ObamaCare Clusterfuck: Spanish speakers left behind in California
EAST PALO ALTO, Calif. − In Silicon Valley, the executives and engineers who’ve helped build the Apple, Google and Facebook empires earn high salaries and enjoy a slew of perks, including stellar health benefits.
The clients of the Ravenswood Family Health Center, a community clinic in East Palo Alto just two miles away from Facebook’s sprawling headquarters, live in a very different Silicon Valley.
They’re the gardeners, nannies, factory workers and service staff who keep Silicon Valley homes and offices humming, the lawns manicured and the families comfortable. ...
Many earn between $5 and $15 an hour, don’t own or use computers and are more comfortable speaking Spanish than English. Sixty-five percent of East Palo Alto’s population is Latino, a group seen as crucial to the success of the health law. Many lack health insurance and pose a lower financial risk because they are typically younger and healthier than others.
Yet California, with the greatest number of Latinos in the country, is far behind in reaching this population. And across the nation, the picture appears even worse.
Readers will recall that the Spanish version of the Federal website was one of the many requirements the administration dropped on it way to the October 1 launch date.
Those who primarily speak Spanish are largely being left out of the first wave of coverage under Obamacare. Many missed the late December deadline for enrollment in plans beginning Jan. 1. People must sign up by March 31 or face a penalty....
California’s health insurance marketplace, Covered California, has had a functioning Spanish-language website since Oct. 1 – which puts it ahead of most of the rest of the country. But [Elizabeth Gonzalez, 31] couldn’t access the site from home because she doesn’t have Internet service or a smartphone.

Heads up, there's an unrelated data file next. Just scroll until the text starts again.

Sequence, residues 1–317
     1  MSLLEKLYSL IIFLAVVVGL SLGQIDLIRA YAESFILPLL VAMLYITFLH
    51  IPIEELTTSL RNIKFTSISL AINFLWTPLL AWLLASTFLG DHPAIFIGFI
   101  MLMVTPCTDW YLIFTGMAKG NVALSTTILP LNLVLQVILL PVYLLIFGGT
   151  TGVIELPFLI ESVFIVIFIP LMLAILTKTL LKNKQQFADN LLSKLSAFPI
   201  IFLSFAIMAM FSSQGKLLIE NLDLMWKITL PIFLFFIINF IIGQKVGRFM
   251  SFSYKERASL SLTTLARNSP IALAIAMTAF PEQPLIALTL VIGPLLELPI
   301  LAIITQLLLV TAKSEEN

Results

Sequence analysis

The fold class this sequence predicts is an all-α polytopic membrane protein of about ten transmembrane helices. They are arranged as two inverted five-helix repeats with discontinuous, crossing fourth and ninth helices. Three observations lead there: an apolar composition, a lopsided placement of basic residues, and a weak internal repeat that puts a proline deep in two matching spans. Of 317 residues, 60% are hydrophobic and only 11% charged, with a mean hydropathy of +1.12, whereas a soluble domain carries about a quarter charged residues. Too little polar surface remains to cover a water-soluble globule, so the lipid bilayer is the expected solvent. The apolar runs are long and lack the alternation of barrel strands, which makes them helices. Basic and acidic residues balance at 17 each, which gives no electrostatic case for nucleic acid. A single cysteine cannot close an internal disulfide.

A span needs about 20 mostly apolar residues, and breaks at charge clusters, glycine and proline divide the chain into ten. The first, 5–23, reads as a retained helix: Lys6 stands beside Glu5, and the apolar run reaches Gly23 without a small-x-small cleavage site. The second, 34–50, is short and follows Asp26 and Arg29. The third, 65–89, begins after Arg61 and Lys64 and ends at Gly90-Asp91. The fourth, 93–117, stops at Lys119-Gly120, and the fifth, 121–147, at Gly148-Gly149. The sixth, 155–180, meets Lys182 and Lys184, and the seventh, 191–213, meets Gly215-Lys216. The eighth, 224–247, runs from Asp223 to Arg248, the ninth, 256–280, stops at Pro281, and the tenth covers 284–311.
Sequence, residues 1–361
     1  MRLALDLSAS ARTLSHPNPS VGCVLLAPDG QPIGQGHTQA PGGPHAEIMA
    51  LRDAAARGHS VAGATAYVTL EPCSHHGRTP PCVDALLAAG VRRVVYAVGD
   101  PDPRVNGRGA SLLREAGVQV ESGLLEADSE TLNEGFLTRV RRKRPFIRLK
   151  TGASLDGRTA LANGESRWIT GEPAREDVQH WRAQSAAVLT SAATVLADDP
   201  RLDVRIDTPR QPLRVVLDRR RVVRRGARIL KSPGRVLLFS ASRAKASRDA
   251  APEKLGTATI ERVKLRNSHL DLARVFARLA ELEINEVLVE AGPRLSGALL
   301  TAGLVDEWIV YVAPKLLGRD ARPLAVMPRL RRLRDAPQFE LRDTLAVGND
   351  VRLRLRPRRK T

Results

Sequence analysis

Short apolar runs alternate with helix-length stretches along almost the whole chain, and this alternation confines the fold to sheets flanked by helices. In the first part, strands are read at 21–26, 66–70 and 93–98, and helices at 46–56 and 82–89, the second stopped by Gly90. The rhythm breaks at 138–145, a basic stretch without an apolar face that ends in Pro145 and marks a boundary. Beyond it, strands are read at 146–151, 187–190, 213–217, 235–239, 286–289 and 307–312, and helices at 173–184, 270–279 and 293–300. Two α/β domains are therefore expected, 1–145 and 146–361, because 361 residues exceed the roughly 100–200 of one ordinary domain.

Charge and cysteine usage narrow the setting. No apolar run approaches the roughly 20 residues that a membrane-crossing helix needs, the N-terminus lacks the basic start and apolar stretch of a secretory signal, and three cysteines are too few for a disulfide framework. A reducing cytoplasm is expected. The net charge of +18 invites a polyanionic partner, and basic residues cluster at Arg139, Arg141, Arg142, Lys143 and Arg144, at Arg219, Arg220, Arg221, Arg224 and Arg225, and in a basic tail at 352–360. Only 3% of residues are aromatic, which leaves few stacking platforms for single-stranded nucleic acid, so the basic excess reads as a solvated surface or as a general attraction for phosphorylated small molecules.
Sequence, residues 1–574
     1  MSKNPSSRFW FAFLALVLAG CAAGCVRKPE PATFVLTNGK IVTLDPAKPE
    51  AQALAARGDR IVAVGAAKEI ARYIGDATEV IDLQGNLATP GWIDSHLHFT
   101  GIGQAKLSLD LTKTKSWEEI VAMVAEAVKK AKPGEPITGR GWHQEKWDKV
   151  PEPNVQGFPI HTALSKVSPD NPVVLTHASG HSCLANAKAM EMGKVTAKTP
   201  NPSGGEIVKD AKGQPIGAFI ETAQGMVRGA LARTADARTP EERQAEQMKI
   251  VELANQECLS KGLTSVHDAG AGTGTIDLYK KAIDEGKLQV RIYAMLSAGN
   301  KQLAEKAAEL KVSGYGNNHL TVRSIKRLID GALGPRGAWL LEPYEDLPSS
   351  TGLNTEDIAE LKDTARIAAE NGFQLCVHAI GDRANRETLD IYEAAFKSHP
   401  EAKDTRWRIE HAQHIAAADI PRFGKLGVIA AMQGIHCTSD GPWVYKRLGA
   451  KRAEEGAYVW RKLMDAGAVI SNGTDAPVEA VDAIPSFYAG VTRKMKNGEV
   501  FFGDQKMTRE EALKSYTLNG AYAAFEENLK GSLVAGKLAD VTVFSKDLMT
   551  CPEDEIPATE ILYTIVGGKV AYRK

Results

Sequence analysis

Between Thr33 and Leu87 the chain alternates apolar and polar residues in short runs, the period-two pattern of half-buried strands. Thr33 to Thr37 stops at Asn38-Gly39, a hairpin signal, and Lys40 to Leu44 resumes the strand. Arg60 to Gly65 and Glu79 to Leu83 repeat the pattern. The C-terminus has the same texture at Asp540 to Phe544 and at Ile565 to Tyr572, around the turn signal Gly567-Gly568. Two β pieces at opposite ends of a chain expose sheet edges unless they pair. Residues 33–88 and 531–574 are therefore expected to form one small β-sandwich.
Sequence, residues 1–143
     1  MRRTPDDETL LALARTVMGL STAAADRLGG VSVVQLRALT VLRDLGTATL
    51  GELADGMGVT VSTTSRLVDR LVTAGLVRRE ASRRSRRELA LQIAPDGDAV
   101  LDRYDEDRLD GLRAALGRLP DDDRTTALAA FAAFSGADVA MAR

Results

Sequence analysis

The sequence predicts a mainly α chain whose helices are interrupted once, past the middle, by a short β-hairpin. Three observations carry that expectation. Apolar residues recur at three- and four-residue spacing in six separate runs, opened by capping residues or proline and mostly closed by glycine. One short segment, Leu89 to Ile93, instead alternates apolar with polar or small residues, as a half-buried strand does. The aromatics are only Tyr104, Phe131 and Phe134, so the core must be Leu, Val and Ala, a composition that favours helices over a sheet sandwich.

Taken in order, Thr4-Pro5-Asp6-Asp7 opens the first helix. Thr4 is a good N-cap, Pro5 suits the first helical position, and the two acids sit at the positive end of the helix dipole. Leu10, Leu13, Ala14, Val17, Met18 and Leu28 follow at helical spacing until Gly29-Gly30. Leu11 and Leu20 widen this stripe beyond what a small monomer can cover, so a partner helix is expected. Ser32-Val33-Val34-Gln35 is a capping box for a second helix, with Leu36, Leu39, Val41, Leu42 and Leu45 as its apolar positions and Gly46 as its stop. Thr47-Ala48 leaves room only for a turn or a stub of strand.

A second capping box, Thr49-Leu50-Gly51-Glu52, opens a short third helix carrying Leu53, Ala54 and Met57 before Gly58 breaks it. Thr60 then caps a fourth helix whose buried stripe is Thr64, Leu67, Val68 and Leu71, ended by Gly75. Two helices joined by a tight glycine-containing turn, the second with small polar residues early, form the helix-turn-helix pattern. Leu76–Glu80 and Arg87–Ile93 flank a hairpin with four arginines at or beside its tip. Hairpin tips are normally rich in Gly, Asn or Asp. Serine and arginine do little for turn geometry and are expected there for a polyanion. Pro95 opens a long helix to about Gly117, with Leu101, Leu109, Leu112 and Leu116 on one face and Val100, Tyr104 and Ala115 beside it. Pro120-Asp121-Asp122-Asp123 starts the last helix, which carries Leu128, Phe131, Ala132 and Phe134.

"With my budget, I don’t have access to that," she said in Spanish. "I have to limit myself to the primordial."
Instead, she relied on staff at the county’s human services office, two floors up from the library where she works, to guide her.
Staff members there told her she needed to fill out an application and to wait for up to a month to hear whether she was eligible for Medi-Cal − California’s insurance program for the poor. Discouraged, she made repeated telephone calls to the hotline for Covered California.
"There’s no one picking up, probably because there’s not enough people," she said. "We need more information in poor communities and places to help you fill out forms so you know you’re doing it correctly. There’s not enough [information] in Spanish."
According to the latest data released by the state, less than 5 percent of California’s roughly 110,000 signups in October and November were completed in Spanish.
Spanish-speaking operators at Covered California call centers, as well as navigators who can walk people through enrollment, are in short supply. The section on the Spanish version of Covered California for requesting help with enrollment still links to an English website.
In other parts of the country, Spanish speakers are worse off.
Too bad. With single payer, Gonzales would be able to get the health care she needs now. But priorities.